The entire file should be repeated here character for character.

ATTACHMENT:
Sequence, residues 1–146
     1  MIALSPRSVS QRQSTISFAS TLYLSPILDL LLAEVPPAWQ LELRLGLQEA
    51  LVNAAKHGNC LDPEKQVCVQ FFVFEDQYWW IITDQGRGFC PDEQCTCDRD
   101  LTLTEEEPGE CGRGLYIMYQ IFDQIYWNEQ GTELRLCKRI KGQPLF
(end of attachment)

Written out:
Sequence, residues 1–146
     1  MIALSPRSVS QRQSTISFAS TLYLSPILDL LLAEVPPAWQ LELRLGLQEA
    51  LVNAAKHGNC LDPEKQVCVQ FFVFEDQYWW IITDQGRGFC PDEQCTCDRD
   101  LTLTEEEPGE CGRGLYIMYQ IFDQIYWNEQ GTELRLCKRI KGQPLF